Four twenty somethings sitting in a diner talking about the movie Back to the Future. Amazingly, this movie holds up to this day because it’s a comedy and that gives it license to do whatever the story needs, even if that means Doc Brown (Christopher Lloyd) fogging illogical situations with a bunch of scientific sounding words that make no sense. Who cares, it’s great fun.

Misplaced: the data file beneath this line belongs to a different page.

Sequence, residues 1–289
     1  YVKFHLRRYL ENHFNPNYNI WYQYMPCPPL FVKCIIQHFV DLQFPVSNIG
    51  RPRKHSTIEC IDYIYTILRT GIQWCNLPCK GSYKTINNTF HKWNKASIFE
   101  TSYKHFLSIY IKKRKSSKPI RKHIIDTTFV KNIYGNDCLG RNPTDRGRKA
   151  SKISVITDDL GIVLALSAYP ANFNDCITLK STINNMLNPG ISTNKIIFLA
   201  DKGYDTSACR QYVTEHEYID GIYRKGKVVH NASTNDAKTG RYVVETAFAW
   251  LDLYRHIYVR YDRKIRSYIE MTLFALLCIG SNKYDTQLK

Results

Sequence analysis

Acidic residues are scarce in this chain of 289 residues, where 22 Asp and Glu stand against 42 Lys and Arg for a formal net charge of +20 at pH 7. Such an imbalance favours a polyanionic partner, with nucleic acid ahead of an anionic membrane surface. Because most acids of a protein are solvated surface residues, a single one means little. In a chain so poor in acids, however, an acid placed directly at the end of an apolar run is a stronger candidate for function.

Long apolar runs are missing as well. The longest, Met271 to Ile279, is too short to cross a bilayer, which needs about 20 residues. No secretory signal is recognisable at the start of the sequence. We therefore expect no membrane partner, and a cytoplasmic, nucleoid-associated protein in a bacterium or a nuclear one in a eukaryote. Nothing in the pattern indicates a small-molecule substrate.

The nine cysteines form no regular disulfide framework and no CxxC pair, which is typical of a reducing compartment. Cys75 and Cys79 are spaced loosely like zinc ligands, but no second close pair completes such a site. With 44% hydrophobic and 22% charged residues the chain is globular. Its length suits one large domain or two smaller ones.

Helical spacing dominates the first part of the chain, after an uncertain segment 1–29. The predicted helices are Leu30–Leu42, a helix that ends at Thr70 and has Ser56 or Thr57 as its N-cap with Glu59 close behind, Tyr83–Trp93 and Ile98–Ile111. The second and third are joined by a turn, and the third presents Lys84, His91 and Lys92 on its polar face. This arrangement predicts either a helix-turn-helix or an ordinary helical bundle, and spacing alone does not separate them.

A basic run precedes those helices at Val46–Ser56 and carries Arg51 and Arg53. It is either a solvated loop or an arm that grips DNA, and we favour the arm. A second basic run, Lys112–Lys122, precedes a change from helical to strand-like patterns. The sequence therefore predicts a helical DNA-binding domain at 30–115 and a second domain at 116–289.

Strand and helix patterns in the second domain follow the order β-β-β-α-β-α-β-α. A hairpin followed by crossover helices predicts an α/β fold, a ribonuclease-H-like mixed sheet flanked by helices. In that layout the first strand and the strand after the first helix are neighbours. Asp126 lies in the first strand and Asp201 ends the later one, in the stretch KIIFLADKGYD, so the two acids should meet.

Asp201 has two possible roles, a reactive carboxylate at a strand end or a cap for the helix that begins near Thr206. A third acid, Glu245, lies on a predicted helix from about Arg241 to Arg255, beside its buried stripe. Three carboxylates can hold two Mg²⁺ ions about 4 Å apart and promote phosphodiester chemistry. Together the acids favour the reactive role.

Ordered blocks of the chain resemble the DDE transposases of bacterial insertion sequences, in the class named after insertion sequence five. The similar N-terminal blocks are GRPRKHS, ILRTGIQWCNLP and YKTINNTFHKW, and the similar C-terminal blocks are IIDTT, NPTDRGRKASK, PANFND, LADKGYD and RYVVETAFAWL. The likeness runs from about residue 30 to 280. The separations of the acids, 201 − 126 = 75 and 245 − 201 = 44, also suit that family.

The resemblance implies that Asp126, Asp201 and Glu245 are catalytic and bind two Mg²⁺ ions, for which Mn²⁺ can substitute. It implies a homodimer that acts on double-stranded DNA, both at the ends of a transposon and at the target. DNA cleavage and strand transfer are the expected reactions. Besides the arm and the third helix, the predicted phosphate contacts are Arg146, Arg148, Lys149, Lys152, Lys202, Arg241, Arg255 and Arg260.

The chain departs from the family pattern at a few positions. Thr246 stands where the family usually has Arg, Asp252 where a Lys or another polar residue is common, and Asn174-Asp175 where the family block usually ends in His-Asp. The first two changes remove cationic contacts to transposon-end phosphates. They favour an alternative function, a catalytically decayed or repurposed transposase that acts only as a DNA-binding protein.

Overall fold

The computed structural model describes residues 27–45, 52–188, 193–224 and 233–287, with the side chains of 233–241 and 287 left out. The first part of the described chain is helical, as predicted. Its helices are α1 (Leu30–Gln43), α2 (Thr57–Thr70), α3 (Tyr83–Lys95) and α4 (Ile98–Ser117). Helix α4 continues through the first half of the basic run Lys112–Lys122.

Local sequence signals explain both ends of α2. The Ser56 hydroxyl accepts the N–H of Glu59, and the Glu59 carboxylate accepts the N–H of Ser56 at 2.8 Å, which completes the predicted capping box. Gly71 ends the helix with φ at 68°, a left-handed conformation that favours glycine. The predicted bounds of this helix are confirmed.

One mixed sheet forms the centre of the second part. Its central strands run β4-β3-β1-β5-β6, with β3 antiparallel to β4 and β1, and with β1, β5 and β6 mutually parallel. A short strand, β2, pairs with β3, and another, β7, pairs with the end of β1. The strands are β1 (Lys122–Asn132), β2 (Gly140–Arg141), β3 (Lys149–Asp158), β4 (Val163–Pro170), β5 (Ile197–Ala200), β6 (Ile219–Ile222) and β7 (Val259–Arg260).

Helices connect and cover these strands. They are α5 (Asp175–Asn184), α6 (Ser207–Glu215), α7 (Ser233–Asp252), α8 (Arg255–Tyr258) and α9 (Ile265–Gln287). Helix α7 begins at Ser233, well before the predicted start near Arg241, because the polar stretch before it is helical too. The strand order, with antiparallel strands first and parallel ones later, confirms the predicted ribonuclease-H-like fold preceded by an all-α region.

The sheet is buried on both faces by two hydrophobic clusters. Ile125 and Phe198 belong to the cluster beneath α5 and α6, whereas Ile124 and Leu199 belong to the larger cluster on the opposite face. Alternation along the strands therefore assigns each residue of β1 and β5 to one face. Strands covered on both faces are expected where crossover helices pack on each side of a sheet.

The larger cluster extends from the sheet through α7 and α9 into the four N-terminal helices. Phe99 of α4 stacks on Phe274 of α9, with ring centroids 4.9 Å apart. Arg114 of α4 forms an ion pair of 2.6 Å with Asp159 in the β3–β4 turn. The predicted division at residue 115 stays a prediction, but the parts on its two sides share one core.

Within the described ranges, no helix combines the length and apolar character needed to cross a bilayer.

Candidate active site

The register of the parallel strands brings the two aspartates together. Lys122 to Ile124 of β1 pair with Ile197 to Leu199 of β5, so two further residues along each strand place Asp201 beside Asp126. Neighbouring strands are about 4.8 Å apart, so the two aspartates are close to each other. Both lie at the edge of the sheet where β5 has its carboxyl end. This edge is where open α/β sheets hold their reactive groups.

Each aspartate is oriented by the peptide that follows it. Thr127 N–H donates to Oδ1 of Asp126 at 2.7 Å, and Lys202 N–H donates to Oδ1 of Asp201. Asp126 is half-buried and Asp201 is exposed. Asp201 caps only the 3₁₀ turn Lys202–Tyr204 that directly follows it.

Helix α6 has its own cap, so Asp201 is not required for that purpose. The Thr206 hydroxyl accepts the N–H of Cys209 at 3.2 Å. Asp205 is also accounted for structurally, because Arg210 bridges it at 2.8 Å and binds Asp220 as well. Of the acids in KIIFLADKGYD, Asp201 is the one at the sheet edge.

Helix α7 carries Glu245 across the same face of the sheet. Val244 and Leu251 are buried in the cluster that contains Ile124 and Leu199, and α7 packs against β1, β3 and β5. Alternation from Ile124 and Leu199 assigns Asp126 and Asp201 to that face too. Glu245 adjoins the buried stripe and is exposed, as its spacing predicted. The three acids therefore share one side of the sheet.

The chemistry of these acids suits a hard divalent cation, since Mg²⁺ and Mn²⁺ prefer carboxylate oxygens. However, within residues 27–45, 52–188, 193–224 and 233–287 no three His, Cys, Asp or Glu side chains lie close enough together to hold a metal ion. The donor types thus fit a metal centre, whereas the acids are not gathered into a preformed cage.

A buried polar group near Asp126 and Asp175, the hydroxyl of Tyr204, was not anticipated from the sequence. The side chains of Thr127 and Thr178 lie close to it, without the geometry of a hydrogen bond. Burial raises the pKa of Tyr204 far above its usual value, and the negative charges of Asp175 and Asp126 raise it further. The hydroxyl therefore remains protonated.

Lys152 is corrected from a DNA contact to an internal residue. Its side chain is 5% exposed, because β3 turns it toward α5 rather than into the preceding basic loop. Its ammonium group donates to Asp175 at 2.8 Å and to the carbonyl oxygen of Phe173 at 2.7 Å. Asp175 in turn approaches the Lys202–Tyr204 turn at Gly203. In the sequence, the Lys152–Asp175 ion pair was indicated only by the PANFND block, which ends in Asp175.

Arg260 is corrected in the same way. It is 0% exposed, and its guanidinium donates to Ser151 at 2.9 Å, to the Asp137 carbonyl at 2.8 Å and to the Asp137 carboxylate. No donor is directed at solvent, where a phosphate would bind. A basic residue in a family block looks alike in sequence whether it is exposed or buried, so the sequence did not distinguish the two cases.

Writer and producer Bob Gale conceived the idea after he visited his parents in St. Louis, Missouri after the release of Used Cars. Searching their basement, Gale found his father’s high school yearbook and discovered he was president of his graduating class. Gale thought about the president of his own graduating class, who was someone he had nothing to do with. Gale wondered whether he would have been friends with his father if they went to high school together. When he returned to California, he told Robert Zemeckis his new concept. Zemeckis subsequently thought of a mother claiming she never kissed a boy at school, when in reality she was highly promiscuous. The two took the project to Columbia Pictures, and made a development deal for a script in September 1980.